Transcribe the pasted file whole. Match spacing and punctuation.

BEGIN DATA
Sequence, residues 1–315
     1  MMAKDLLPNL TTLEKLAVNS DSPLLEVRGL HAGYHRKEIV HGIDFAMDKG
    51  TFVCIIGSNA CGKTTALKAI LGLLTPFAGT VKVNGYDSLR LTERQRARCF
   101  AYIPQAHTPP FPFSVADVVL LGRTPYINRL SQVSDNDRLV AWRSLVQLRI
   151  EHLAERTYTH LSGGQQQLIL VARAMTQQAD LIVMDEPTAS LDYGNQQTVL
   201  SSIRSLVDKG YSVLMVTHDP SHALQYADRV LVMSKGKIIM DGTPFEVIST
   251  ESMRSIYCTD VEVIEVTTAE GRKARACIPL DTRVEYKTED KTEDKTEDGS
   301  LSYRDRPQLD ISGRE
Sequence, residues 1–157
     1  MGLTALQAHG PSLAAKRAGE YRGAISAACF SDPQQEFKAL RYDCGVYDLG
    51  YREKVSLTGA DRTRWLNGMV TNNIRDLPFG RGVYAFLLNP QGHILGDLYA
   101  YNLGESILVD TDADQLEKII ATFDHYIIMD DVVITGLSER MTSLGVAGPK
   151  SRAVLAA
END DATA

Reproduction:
Sequence, residues 1–315
     1  MMAKDLLPNL TTLEKLAVNS DSPLLEVRGL HAGYHRKEIV HGIDFAMDKG
    51  TFVCIIGSNA CGKTTALKAI LGLLTPFAGT VKVNGYDSLR LTERQRARCF
   101  AYIPQAHTPP FPFSVADVVL LGRTPYINRL SQVSDNDRLV AWRSLVQLRI
   151  EHLAERTYTH LSGGQQQLIL VARAMTQQAD LIVMDEPTAS LDYGNQQTVL
   201  SSIRSLVDKG YSVLMVTHDP SHALQYADRV LVMSKGKIIM DGTPFEVIST
   251  ESMRSIYCTD VEVIEVTTAE GRKARACIPL DTRVEYKTED KTEDKTEDGS
   301  LSYRDRPQLD ISGRE
Sequence, residues 1–157
     1  MGLTALQAHG PSLAAKRAGE YRGAISAACF SDPQQEFKAL RYDCGVYDLG
    51  YREKVSLTGA DRTRWLNGMV TNNIRDLPFG RGVYAFLLNP QGHILGDLYA
   101  YNLGESILVD TDADQLEKII ATFDHYIIMD DVVITGLSER MTSLGVAGPK
   151  SRAVLAA